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Emerging Workforce Trends in the U.S. Energy and Mining Industries: A Call to Action (2013)

Chapter: 8 Overview of the Energy and Mining Workforce Using Federal Data Sources: Key Findings and Recommendations

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Suggested Citation:"8 Overview of the Energy and Mining Workforce Using Federal Data Sources: Key Findings and Recommendations." National Research Council. 2013. Emerging Workforce Trends in the U.S. Energy and Mining Industries: A Call to Action. Washington, DC: The National Academies Press. doi: 10.17226/18250.
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8

Overview of the Energy and Mining Workforce Using Federal Data Sources: Key Findings and Recommendations

Appendix B contains a detailed compilation and discussion of data for the overall United States energy and mining workforce, which has been drawn from federal data sources. It responds to Task 1 of the Statement of Task, which requests trends in the size, growth, and demographics of the U.S. energy and mining workforce, disaggregating each industry of interest—oil and gas, nuclear, nonfuel mining, coal mining, solar, wind, geothermal, and geologic carbon sequestration—by sector and occupation. The future demand for and supply of workers in these industries, sectors, and occupations is also discussed in response to Task 3 of the Statement of Task.

Appendix B mainly utilizes information available from the Bureau of Labor Statistics (BLS), since it is the primary federal agency responsible for collecting and disseminating information about the U.S. workforce. As an independent agency, the BLS is the single best source of objective information about the U.S. energy and mining workforce. However, information from the BLS (and other federal agencies) utilizes standardized coding schemes—such as standardized industry and occupation classifications—that limit the way in which the energy and mining workforce can be examined. Appendix B also utilizes information from the Department of Education’s National Center for Education Statistics and the Department of Labor’s Mine, Safety, and Health Administration. In addition, Appendix B also provides workforce information on the primary federal agencies responsible for management and oversight of energy and mining based on FedScope, which can be used to generate information on the federal civilian workforce.

Key findings and recommendations have been drawn from the data and

Suggested Citation:"8 Overview of the Energy and Mining Workforce Using Federal Data Sources: Key Findings and Recommendations." National Research Council. 2013. Emerging Workforce Trends in the U.S. Energy and Mining Industries: A Call to Action. Washington, DC: The National Academies Press. doi: 10.17226/18250.
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discussion contained in Appendix B. These findings and recommendations are listed below.

KEY FINDINGS

8.1 The demographics of the energy and mining workforce do not mimic the overall U.S. workforce: the energy and mining workforce is predominantly male and has relatively little minority representation. Moreover, the U.S. labor force is expected to become more diverse by 2020. The energy and mining workforce is also older than the overall U.S. workforce: a majority of the energy and mining industries have more workers age 45 and older than workers under the age of 45. Taken together, these findings suggest that the energy and mining industries with workforces that are less diverse and older—such as mining—may experience greater difficulties replacing lost talent.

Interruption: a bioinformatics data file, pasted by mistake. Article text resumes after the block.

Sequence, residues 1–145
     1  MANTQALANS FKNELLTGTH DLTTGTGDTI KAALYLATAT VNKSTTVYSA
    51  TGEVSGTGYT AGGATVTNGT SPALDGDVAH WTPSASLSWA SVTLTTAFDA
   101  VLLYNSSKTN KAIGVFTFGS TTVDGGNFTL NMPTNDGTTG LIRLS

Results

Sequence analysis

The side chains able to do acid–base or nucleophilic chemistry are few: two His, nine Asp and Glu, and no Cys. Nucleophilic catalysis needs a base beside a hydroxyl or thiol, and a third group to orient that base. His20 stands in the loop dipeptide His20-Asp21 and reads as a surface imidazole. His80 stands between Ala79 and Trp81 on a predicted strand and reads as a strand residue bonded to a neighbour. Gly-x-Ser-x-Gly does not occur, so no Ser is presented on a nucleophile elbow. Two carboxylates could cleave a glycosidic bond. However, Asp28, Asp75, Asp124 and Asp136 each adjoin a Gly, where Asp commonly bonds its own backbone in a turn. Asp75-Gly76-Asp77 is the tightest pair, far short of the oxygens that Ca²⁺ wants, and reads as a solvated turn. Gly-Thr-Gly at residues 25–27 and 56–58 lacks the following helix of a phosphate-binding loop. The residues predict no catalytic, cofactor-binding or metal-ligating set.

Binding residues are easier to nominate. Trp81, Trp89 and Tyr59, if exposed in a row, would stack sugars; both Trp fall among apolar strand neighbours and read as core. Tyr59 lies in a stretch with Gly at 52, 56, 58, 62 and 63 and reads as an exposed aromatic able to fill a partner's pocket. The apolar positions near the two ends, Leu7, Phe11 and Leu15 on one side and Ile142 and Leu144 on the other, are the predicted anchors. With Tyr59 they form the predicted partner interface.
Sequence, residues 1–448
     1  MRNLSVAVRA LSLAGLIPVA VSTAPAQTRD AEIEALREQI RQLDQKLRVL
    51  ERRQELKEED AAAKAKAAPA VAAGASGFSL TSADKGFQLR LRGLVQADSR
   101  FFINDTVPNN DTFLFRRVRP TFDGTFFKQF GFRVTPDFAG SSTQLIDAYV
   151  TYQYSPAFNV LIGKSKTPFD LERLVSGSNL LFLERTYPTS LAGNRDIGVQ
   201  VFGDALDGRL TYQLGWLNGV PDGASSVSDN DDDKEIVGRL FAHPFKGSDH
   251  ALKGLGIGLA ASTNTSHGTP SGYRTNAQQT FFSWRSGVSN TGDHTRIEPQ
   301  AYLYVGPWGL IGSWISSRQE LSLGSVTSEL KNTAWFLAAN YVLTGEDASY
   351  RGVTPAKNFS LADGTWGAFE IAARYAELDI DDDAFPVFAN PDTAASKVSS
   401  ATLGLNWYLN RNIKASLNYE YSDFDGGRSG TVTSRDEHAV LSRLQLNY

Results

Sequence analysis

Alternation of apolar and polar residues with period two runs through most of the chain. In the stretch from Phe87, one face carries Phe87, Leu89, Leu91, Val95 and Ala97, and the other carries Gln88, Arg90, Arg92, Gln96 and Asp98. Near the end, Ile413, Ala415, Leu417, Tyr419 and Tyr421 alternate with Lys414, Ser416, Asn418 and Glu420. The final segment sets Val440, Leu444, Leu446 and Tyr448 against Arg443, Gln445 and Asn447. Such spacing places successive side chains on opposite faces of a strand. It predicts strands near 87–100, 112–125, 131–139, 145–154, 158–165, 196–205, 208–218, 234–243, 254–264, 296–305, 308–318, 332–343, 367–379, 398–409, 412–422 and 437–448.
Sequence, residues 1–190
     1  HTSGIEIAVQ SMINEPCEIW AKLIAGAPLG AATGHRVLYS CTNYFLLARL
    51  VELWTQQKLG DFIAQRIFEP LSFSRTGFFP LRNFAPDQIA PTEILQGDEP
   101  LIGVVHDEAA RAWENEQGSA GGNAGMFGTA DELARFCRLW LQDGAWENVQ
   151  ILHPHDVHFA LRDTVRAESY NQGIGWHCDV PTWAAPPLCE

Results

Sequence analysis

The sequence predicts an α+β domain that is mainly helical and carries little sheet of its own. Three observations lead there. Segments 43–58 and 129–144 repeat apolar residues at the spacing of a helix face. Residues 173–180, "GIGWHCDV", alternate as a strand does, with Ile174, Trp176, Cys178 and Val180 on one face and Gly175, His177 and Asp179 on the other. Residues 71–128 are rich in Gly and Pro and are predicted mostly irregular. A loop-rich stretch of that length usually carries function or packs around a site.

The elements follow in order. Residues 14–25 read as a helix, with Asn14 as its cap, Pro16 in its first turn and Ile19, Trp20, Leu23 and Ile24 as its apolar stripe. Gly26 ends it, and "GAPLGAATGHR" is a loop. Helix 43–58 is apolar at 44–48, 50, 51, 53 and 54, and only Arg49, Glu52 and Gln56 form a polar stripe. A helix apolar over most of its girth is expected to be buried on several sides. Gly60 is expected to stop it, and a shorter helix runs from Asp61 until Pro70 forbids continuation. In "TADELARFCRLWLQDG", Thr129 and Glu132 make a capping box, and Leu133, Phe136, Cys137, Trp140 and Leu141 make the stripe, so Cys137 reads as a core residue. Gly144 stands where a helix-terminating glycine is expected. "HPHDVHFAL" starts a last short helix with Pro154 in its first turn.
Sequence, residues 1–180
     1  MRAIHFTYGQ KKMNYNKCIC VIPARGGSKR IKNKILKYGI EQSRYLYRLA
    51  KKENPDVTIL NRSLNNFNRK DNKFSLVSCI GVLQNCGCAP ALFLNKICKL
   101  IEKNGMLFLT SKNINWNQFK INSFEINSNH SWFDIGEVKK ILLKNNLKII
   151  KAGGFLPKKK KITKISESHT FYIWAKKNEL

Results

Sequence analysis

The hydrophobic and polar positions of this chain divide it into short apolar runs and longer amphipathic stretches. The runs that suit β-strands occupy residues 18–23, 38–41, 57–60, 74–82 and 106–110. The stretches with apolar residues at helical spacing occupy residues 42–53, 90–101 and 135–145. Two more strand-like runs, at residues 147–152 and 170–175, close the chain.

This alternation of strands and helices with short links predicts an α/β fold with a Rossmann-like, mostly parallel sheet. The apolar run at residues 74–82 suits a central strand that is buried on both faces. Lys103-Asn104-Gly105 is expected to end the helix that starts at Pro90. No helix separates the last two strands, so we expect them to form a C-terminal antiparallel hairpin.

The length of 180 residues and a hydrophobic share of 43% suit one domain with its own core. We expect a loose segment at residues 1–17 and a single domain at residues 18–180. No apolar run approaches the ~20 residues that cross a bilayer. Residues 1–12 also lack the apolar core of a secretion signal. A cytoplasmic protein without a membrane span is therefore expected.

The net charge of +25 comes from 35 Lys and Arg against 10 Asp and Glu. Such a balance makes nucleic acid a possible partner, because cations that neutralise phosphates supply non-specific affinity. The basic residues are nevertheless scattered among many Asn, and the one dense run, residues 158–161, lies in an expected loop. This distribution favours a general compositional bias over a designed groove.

8.2 Key energy and mining occupations expected to experience the greatest increases in talent demand over the period 2010 to 2020 are boilermakers; geoscientists, except hydrologists and geographers; electrical power-line installers and repairers; and geological and petroleum technicians.

8.3 In the near term, key energy and mining occupations requiring postsecondary education that may experience the greatest difficulties acquiring talent with the requisite education are: geological and petroleum technicians; occupational health and safety specialists; nuclear technicians; petroleum engineers; nuclear engineers; and health and safety engineers, except mining safety engineers and inspectors. If annual growth rates of degrees and certificates conferred continue as they have over the past 5 years, these difficulties may continue in the longer-term for occupational health and safety specialists, geological and petroleum technicians, and health and safety engineers, except mining safety engineers and inspectors.

8.4 The primary shortcoming of using data from the Bureau of Labor Statistics to examine the energy and mining workforce is limitations associated with the NAICS system, the industrial classification system used by the BLS and other federal statistical agencies. These limitations reflect the speed with which the classification system changes to reflect changes in the industrial makeup of the U.S. economy and the way in which industrial classification codes are assigned to an establishment. These limitations likely result in an undercounting of energy and mining employment.